Milgram Summary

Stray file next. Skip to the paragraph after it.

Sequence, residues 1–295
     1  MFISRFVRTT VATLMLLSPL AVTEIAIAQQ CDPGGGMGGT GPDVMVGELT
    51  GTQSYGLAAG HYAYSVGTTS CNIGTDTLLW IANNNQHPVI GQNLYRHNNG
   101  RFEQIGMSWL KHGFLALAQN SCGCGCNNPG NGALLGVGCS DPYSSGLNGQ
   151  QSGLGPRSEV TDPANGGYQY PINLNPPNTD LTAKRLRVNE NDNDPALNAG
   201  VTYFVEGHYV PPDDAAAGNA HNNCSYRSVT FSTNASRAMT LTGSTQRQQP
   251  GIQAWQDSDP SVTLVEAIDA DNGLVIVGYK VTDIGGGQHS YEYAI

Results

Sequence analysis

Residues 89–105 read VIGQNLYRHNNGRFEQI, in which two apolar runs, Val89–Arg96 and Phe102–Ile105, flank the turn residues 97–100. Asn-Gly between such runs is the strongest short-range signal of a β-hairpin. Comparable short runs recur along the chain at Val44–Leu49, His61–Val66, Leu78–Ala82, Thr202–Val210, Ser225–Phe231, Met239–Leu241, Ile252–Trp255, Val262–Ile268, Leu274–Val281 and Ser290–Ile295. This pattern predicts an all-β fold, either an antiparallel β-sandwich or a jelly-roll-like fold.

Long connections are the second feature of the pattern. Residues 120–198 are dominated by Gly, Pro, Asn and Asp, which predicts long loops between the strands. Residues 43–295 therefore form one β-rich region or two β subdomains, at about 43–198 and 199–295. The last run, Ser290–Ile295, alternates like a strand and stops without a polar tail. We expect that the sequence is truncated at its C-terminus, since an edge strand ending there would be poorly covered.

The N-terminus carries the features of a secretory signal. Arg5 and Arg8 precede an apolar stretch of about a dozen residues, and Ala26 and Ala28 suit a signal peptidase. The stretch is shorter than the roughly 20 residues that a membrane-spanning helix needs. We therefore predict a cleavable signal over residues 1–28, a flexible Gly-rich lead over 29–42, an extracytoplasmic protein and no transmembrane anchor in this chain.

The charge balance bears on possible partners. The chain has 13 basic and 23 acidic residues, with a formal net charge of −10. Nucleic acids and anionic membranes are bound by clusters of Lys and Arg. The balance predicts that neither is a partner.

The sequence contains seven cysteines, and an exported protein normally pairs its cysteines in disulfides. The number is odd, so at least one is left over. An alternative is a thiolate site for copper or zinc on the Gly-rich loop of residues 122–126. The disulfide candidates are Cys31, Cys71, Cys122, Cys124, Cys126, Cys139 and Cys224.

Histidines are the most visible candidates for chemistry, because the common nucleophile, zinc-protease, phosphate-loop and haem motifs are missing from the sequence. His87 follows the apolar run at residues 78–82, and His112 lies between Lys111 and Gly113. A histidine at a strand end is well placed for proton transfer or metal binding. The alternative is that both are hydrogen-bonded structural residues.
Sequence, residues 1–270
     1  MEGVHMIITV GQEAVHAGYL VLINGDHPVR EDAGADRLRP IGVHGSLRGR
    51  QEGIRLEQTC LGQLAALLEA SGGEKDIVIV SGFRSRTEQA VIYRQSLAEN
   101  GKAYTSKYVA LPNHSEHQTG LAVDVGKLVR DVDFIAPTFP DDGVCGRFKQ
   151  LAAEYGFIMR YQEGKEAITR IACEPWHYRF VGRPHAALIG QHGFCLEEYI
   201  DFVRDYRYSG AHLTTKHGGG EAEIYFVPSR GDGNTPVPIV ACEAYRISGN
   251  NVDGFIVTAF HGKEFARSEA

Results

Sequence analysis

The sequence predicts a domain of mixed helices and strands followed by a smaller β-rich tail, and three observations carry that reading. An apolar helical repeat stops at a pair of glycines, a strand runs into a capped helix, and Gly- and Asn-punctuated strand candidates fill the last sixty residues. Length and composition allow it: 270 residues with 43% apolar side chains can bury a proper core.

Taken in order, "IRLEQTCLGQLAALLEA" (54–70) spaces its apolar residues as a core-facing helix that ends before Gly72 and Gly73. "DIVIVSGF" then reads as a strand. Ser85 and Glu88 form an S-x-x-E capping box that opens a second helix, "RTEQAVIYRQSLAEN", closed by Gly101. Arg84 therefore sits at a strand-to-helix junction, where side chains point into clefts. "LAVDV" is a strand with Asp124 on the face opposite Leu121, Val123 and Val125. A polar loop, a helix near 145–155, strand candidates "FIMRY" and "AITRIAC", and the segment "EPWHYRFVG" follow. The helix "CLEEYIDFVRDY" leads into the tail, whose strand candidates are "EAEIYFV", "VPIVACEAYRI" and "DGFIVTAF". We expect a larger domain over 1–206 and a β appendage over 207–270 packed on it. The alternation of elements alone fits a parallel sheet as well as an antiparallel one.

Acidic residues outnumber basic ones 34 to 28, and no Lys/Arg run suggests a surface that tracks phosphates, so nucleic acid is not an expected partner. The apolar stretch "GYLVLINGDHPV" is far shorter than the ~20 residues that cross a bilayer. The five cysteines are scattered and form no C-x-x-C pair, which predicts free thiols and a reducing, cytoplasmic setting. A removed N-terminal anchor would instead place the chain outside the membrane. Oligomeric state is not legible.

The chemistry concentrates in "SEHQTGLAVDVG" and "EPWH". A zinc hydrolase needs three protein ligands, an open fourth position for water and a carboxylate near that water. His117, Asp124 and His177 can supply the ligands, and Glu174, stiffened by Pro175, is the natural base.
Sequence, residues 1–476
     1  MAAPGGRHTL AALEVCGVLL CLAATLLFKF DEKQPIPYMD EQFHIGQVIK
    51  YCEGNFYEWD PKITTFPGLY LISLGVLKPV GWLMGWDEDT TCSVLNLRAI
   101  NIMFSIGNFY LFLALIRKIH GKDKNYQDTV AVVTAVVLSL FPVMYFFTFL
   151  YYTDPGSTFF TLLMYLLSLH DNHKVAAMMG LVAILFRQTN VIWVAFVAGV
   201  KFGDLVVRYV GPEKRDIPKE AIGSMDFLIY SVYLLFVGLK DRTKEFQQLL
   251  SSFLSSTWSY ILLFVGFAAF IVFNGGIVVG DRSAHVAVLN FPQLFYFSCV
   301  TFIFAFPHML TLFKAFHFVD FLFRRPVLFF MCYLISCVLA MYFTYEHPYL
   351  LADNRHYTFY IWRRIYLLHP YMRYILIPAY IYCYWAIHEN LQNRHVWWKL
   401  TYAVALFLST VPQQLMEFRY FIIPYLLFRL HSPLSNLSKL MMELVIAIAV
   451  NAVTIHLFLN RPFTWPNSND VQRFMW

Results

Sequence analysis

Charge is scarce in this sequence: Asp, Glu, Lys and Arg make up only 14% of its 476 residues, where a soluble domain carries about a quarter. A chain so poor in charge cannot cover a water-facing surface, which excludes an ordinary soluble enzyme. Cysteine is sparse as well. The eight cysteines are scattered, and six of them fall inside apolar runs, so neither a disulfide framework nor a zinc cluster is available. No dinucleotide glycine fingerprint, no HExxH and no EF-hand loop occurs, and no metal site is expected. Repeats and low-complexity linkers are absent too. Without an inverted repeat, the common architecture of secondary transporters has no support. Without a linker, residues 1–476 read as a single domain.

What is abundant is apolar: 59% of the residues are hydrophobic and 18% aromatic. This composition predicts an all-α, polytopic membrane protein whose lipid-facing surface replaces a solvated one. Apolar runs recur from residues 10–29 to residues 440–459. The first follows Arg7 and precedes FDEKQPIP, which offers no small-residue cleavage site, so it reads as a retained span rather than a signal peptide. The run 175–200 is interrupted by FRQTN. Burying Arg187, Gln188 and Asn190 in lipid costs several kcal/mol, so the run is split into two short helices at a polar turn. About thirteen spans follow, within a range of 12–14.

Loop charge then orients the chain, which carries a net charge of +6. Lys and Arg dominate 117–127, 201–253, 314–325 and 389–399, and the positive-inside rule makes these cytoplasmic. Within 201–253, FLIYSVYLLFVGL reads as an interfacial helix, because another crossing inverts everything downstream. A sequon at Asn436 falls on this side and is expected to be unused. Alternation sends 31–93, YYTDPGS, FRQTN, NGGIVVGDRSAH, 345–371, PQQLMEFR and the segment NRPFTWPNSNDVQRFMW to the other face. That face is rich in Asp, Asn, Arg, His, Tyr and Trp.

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Kayla McNutt Professor Williams English 1101-107 17 September 2013 The Obedience Test Stanley Milgram’s article, “The Perils of Obedience” focuses on the experiment he created to test society’s willingness to obey. In the experiment Milgram has one person who is a learner and another who delivers the shocks, the teacher. The focus of the experiment is on the person delivering the shocks because the “learner” is an actor. The learner’s role is to recite words to practice memorization. If he recites the words incorrectly the teacher has to administer a shock to the learner. The more words that the learner forgets the shock voltage is raised. Although the learner is an actor the teachers are not aware of this, believing they are shocking a man with deadly voltage. Milgram’s objective is to see if the subjects will continue shocking as the voltage is raised. In his article he hypothesizes, “The point of the experiment is to see how far a person will proceed in a concrete and measurable situation in which he is ordered to inflict increasing pain on a protesting victim” (Milgram63). This experiment was inspired by WW2, which had just roughly ended. Milgram saw the Nazis fulfill orders without any questions to carry out horrific acts. This made Milgram question just how far the average citizen would go in order to obey. In the first execution of the experiment Milgram randomly selected Yale students to use for the experiment. Many of the students did shock the learner and obeyed. Milgram’s partners were surprised at the data that the students shocked the learner. They soon concluded that Yale students were not the best subjects to use because the students are so competitive. The experiment was then executed again using randomly selected individuals in the area. During the second execution some of the subjects discontinued the shocks mid experiment, but others
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